Guest post by Curtis Ramsey-Lucas, Director of Interfaith Engagement, American Association of People with Disabilities (AAPD)
The Interfaith Disability Advocacy Coalition (IDAC), a program of AAPD, is proud to count Lutheran Services in America among its members. Together we work to mobilize the religious community to take action on disability policy with Congress, the President and Administration, and society at large. Currently we're mobilizing people of faith across America to sign a letter encouraging candidates to address disability concerns in their campaigns.
The letter notes that Americans with disabilities "make remarkable and valuable contributions to our communities," yet, "continue to face discrimination in many areas including employment, transportation, and education." It notes that "persons with disabilities are more than twice as likely to be impoverished and unemployed as non-disabled individuals; a reflection of devastatingly real discrimination." The letter encourages candidates for public office to address these disparities and set forth a "vision to encourage the civil rights of people with disabilities, and to promote their full inclusion in society."
Faith communities have long encouraged their members to engage in responsible citizenship, including voting, and many serve as polling places on Election Day. The IDAC letter builds on these endeavors by encouraging candidates for public office to make a greater effort to engage the concerns of the disability community. It is our hope that in doing so, the American experiment of self-government increasingly includes and reflects the voices, concerns, and wisdom of people with disabilities.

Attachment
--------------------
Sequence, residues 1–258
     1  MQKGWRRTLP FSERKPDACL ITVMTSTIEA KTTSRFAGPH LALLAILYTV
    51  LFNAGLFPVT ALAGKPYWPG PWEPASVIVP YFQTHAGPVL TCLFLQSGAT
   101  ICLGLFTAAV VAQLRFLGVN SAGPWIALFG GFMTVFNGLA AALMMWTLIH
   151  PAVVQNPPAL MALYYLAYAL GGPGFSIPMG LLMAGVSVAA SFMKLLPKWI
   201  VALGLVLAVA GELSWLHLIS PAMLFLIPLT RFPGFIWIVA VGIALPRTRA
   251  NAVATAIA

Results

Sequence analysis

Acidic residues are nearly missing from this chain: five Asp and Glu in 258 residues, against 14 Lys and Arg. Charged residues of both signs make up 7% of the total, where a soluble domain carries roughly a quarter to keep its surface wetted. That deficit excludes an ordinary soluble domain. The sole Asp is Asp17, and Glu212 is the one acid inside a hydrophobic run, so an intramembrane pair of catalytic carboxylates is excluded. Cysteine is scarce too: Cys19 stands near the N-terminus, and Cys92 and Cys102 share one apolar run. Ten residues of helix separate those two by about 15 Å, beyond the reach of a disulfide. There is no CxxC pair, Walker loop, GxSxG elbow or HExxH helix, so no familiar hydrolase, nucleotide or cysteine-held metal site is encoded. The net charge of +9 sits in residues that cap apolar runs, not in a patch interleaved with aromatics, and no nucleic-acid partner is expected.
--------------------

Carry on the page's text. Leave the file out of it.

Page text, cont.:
Margaret Mead famously said, "Never doubt that a small group of thoughtful, committed citizens can change the world; indeed, it's the only thing that ever has." Lutheran Services in America serves six million people annually, touching the lives of 1 in 50 people in the U.S. every year. Imagine if just a portion of those individuals joined others from IDAC member organizations by signing this letter. Candidates would stand up, take notice, and be encouraged to address the disparities between disabled and non-disabled Americans and to set forth a vision that advances the civil rights of people with disabilities and promotes their full inclusion in society.
Individuals and organizations are invited to sign the letter. To do so, click here